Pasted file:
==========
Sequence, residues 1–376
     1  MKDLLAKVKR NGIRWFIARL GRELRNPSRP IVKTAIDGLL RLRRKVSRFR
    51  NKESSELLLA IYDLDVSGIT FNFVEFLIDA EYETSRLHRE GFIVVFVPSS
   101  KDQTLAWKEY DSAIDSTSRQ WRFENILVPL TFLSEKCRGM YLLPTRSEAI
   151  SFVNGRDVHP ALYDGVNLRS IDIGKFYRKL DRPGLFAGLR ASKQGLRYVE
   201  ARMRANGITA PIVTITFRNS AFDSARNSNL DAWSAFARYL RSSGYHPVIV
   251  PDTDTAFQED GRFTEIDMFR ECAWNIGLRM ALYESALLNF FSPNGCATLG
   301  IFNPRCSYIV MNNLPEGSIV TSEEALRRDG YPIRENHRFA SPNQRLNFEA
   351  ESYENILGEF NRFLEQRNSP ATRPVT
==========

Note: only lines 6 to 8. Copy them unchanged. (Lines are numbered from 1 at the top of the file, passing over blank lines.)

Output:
   201  ARMRANGITA PIVTITFRNS AFDSARNSNL DAWSAFARYL RSSGYHPVIV
   251  PDTDTAFQED GRFTEIDMFR ECAWNIGLRM ALYESALLNF FSPNGCATLG
   301  IFNPRCSYIV MNNLPEGSIV TSEEALRRDG YPIRENHRFA SPNQRLNFEA